Indian duty free tobacco products withdrawn

By Kevin Rozario |

Following last month’s decision by the Indian government to halve the duty free tobacco allowance TRBusiness understands that leading duty free and travel retailers had to fully withdraw a large number of products from their shelves.


The Central Board of Excise & Customs (CBE&C) in India wasted no time in implementing the cut which now gives inbound passengers a maximum duty free tobacco allowance of 100 sticks, 25 cigars or 125g of tobacco.


CBE&C issued circulars to all the leading DF&TR operators which meant that standard 200-pack sizes had to be withdrawn immediately although local sources say that in some locations retailers were allowed to sell-through existing stock.


At Bangalore Airport, notification of the new allowance was almost immediate. Speaking to TRBusiness earlier this month, Anirban Chowdhury (left), Country Head, Nuance Group, India said: “Currently we are not selling tobacco [in arrivals] because we have not got the new stocks repacked as 100 sticks from the vendors… we are working on that.”


At Delhi’s Indira Gandhi International Airport where Delhi Duty Free Services is the DF&TR operator in Terminal 3, the situation is similar. CEO Duncan Lawley (right) says: “We are waiting for suppliers to repackage in new sizes… 100s were stopped many years ago, but we are now waiting for them to come back.”


In the meantime, DDFS says it is selling a new sku that has come in from some suppliers of specially-divided packs. “We have put them in dispensers at the till points much like a kiosk would do,” explains Lawley.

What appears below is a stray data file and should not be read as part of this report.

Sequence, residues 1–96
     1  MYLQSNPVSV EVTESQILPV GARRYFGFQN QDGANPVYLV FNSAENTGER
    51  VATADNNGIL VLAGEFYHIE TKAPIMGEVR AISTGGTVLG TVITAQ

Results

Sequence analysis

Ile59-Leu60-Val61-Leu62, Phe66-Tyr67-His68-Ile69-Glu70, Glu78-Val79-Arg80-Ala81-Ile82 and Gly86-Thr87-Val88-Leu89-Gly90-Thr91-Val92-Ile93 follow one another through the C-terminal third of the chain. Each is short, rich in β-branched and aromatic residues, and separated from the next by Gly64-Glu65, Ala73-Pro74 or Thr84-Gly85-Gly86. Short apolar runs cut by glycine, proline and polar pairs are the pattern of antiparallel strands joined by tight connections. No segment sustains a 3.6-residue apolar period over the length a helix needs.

While there will be an initial impact on arrivals sales – not least because some suppliers are saying they will abandon arrivals rather than go through the costly process of new packaging in small sizes – retailers at both locations believe they can minimise the damage.


At Bangalore, tobacco represents 8% of the total business and, within that, arrivals is around 20% so the overall share is 1.6% of sales [the arrivals business is 65% of total revenue at Bangalore]. For DDFS the share is slightly higher at 2%.


“To be honest, the majority of any shortfall will come back as individual sales at the till points because of the exposure to more people there,” says Lawley. “It is early days and we’ve only got single packs from one supplier at the moment but as that increases, and when brand-loyal customers see their brand available, sales should pick up as well.”


At Bangalore, Chowdhury says that local Indian brands will be back on the shelves shortly and they will take up a lot of the current slack. “I think we can compensate as they will supply the 100-stick packs.”

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